FIG. 15 shows a mesh-reinforcement section 10 having double bars 1 of dilferent lengths at its right-hand end. The assembly formed by superimposing two such reinforcement sections 10, 10' from opposite ends of the span is shown in FIG. 17 and constitutes a staggered flat reinforcement. The lengths of the mesh-reinforcement sections and their overlap may be selected to meet the respective load requirements. A cutting of the mesh reinforcements to size is not required in such case. Besides,

the two mesh-reinforcement sections may be relatively staggered in Vernier fashion to cover any desired span within a certain range, which corresponds to one size increment of the modular system. When the maximum or minimum span of this range has been reached, the nextlarger or next smaller size of the modular system may be adopted.

The embodiments shown in FIGS. 16 and 18 differ from those of FIGS. 15 and 17 in that the transverse distributors extend an an angle of to the double bars 1, as in the embodiment of FIG. 5. In the middle area, where the mesh-reinforcement sections 10, 10' overlap, the oblique distributors 2 form a network of bars crossing in four directions, as is shown in FIG. 18.

Alternatively, the end portions of the double bars may be bent up at about 45, as is shown in FIG. 19, where the transverse distributors have been omitted. This design enables a desirable configuration of the longitudinal reinforcement in a zone where large transverse forces occur, e.g., in a floor structure as shown in FIG. 20.

Further modifications of the embodiments which have been described are possible Within the scope of the invention.

What is claimed is:

1. A reinforced-concrete structure comprising a concrete body with a planar array of longitudinal reinforcing members and transverse stress-distributing members imbedded therein, said longitudinal members consisting each of a pair of closely spaced parallel bars with major portions lying in the plane of the array and a multiplicity of cross-bars interconnecting said parallel bars, said transverse members contactingly intersecting said longitudinal members and being welded to said parallel bars thereof along said major portions, said longitudinal members being provided with twisted portions in which said parallel bars thereof lie in planes transvense to the plane of the array; and a transverse bar extending parallel to said transverse members while passing between the bars of said longitudinal members at said twisted portions thereof.

2. A structure as defined in claim 1, further comprising a second planar array substantially identical with and parallel to the first-mentioned array imbedded in said body 3. A structure as defined in claim 1 wherein said twisted portions are formed by interconnected extremities of end wise adjoining longitudinal members.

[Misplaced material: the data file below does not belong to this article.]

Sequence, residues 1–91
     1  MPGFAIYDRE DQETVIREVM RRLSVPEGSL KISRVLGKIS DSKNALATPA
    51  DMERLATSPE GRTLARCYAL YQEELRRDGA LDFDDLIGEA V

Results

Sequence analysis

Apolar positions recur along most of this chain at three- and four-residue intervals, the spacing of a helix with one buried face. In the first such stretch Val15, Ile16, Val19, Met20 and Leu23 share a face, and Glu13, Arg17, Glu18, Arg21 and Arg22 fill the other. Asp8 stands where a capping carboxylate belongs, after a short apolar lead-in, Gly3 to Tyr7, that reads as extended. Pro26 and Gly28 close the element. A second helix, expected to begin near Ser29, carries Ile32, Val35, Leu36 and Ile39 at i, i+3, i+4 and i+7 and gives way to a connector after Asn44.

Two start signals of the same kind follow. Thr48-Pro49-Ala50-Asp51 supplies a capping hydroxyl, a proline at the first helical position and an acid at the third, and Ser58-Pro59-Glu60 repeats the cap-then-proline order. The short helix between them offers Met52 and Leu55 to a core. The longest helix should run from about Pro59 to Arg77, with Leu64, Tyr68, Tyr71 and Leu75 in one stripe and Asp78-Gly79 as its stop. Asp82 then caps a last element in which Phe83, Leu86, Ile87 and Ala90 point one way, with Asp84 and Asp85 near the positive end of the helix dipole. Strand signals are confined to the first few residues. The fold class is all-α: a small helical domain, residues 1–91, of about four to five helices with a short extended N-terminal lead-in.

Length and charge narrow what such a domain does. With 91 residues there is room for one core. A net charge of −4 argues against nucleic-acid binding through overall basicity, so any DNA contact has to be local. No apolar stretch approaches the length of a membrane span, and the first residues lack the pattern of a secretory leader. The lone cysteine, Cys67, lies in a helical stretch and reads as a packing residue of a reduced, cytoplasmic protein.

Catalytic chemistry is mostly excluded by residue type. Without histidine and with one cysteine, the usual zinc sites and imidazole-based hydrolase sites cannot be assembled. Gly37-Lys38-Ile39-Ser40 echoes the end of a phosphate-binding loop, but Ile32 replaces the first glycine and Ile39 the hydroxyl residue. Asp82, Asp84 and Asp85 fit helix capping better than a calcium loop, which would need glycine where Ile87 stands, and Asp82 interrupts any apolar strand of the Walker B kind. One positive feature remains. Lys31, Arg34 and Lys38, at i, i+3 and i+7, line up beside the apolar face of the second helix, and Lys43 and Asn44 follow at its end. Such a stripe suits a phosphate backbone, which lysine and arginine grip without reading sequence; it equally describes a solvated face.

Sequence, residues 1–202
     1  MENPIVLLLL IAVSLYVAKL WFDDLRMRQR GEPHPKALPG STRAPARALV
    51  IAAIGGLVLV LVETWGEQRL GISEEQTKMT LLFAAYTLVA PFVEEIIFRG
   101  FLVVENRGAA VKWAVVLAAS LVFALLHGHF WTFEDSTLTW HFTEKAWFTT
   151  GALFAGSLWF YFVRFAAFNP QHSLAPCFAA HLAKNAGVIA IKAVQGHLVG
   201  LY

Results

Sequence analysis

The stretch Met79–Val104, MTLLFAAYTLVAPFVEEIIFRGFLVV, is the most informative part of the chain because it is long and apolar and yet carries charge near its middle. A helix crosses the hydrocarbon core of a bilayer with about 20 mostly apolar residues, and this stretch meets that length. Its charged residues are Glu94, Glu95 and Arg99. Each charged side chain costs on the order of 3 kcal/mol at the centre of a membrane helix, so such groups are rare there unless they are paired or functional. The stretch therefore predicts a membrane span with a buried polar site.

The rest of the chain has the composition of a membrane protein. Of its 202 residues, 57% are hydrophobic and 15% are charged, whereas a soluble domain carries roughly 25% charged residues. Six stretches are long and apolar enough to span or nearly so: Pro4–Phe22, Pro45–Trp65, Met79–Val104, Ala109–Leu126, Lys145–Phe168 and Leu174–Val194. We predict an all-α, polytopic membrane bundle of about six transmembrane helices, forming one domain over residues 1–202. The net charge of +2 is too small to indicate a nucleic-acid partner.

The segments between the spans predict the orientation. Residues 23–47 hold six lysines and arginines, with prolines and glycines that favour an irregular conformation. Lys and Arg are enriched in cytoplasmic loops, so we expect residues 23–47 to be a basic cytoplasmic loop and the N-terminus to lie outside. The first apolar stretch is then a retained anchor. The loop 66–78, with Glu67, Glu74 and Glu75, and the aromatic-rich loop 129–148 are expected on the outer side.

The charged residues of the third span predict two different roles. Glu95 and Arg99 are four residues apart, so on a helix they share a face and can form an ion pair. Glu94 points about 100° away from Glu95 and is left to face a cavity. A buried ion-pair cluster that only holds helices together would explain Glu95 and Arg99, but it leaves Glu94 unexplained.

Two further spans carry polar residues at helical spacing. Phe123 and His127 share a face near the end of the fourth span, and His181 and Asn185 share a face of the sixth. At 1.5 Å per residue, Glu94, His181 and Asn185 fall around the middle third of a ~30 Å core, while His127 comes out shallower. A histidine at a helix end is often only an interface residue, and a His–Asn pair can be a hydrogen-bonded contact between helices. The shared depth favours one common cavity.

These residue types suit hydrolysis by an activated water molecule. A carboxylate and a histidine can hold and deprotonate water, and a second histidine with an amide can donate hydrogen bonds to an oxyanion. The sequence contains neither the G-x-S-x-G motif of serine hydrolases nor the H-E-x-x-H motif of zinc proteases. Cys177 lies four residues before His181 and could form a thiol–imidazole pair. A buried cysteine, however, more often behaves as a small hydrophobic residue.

4. A structure as defined in claim 3 wherein said concrete body comprises a pair of adjacent slabs respectively containing said endwise adjoining members, said slabs being interconnected by grouting enveloping said transverse bar.

5. A structure as defined in claim 1 wherein said twisted portion includes cross-bars perpendicular to the plane of the array.

6. A structure as defined in claim 5 wherein said transverse bar is bracketed by two of said perpendicular crossbars.

References Cited UNITED STATES PATENTS 766,280 8/1904 OShea 52-736 830,494 9/1906 Collins 52735 1,046,913 12/1912 Weakley 52736 FOREIGN PATENTS 298,221 6/1900 France.

FRANK L. ABBOTT, Primary Examiner J. L. :RIDGILL, JR., Assistant Examiner US. Cl. X.R.

Patent Citations
Cited PatentFiling datePublication dateApplicantTitle
US766280 *Aug 31, 1903Aug 2, 1904Timothy O'sheaBuilding construction.
US830494 *Mar 2, 1904Sep 11, 1906Cornelius CollinsBuilding construction.
US1046913 *Sep 19, 1911Dec 10, 1912Edwin W GroveBonding means for reinforced concrete structures.
FR298221A * Title not available
Referenced by
Citing PatentFiling datePublication dateApplicantTitle
US4079560 *May 6, 1977Mar 21, 1978Victor Paul WeismannWire truss and apparatus for manufacturing a wire truss
US4120330 *May 6, 1977Oct 17, 1978Weismann Victor PMethod for manufacturing a wire matrix
US4226067 *Dec 5, 1977Oct 7, 1980Covington Brothers Building Systems, Inc.Structural panel
US4297820 *Oct 29, 1979Nov 3, 1981Covington Brothers TechnologiesComposite structural panel with multilayered reflective core
US4336676 *Mar 26, 1979Jun 29, 1982Covington Brothers, Inc.Composite structural panel with offset core
US8407959 *Apr 29, 2011Apr 2, 2013Donald G. W. YtterbergElastic restraint system for shrinkage compensating concrete slab
US9297767Oct 5, 2011Mar 29, 2016Halliburton Energy Services, Inc.Downhole species selective optical fiber sensor systems and methods
US20050055949 *Sep 16, 2003Mar 17, 2005Sacks Abraham JacobTwin track wire lath
Classifications
U.S. Classification52/432, 52/649.1, 52/664, 52/251
International ClassificationE04C5/065, E04C5/04, E04C5/01
Cooperative ClassificationE04C5/04, E04C5/065
European ClassificationE04C5/065, E04C5/04